Attractions Isle of Man is located in the Irish Sea between Ireland and the United Kingdom, is a wonderful combination of beautiful scenery and rich history. The island is part of the archipelago in the British Isles and British crown possession. It has a special status of political independence from Britain and is managed by the lieutenant-governor.
The island is a popular tourist destination because of the variety of opportunities for free pastime that offers a walk with steamer or electric train, climbing or swimming with sharks. Most people arrive to participate or watch popular racing motorcycles. Not less, and people who like to walk around the mountains and valleys of the island, on whose lands its wake left and Celts and Vikings.
Among the best options for leisure are: Walk around Castletown, where you can see its medieval castle, learn interesting facts about its history. Another option is to visit the ruins on the island of St. Patrick, where they will tell you stories about Vikings and dog ghost.
Castletown is the former capital of the Isle of Man and dates from 1090 The city with its narrow streets and small fishing cottages. From the port at sea still boats enter, though since 1970 it does not call merchant ships.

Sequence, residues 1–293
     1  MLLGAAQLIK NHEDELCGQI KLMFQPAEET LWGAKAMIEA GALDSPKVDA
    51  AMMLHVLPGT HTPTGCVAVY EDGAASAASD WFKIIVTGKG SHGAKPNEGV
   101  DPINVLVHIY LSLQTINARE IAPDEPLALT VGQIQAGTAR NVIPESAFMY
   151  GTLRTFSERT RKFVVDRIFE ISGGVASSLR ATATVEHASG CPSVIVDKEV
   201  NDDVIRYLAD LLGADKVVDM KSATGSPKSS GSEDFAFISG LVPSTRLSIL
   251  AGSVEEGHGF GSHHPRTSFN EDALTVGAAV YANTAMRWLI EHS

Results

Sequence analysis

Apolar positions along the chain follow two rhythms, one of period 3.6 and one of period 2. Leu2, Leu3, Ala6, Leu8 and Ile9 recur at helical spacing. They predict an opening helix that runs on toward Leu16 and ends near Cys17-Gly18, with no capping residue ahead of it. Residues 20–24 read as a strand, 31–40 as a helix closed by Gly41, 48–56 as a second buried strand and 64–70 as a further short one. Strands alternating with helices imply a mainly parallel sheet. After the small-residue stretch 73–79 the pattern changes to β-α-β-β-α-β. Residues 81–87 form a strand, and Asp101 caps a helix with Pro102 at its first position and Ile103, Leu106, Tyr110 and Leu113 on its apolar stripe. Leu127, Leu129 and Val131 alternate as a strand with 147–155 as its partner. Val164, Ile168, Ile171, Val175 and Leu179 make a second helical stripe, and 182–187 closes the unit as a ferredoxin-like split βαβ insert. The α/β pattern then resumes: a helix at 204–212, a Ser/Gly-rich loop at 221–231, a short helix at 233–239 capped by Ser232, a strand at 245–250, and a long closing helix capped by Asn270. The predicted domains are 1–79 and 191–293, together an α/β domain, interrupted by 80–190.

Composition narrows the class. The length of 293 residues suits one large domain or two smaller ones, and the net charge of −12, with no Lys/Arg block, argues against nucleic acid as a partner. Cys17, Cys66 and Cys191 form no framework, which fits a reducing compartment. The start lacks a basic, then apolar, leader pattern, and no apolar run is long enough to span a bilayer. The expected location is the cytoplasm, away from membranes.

Why not walk to the Water Wheel in Lexy, which is known as 'Lady Isabella' and enjoy the surrounding views from the top of its height over 70 feet. Another unforgettable experience is the opportunity to ride with one of the oldest trams in the world who go through Lexy to transport people to the south and north up the Snaefell mountain. Waterwheel and the mine is located about half a mile from Lexie in the steep valley of the river Mooar.
The location is unique because of the use of the river for power supply for all equipment used in the mine, making it one of the most important achievements of the Industrial Revolution in Britain. In the mine was mined one five of the total zinc in the UK in 1870, and a significant amount of iron and lead.
The mine operates about 150 years until its closure in 1929. The water wheel is named after the wife of the then Lieutenant Governor of the island. Today it is the largest water wheel of its kind in the world. It is currently one of the biggest tourist attractions on the island. Those who are interested in the past of the island, it is better to pull up Cregneash, where they expected a village that remains absolutely unaltered by the passage of time .
And where people still continue to live in houses with thatched roofs, speak the local ostrovityanski dialect and constructed typical only for this region articles. This isolated village is located on the Mull Hills over Spenish Head. Until 1900 it was completely untouched by modern technologies. This is one of the few places on the island where you can hear people who speak the local language.